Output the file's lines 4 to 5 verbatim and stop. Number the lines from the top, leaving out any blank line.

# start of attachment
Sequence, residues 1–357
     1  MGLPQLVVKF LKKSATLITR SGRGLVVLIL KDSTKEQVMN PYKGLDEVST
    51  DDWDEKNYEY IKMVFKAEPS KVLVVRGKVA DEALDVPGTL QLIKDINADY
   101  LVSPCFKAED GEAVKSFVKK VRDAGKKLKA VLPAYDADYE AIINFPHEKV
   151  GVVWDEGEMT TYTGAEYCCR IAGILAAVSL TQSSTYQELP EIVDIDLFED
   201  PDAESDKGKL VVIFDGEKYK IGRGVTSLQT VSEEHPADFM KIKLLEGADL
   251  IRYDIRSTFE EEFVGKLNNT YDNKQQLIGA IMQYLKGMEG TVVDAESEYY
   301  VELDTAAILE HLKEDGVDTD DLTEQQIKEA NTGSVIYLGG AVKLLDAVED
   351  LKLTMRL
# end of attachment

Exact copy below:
   101  LVSPCFKAED GEAVKSFVKK VRDAGKKLKA VLPAYDADYE AIINFPHEKV
   151  GVVWDEGEMT TYTGAEYCCR IAGILAAVSL TQSSTYQELP EIVDIDLFED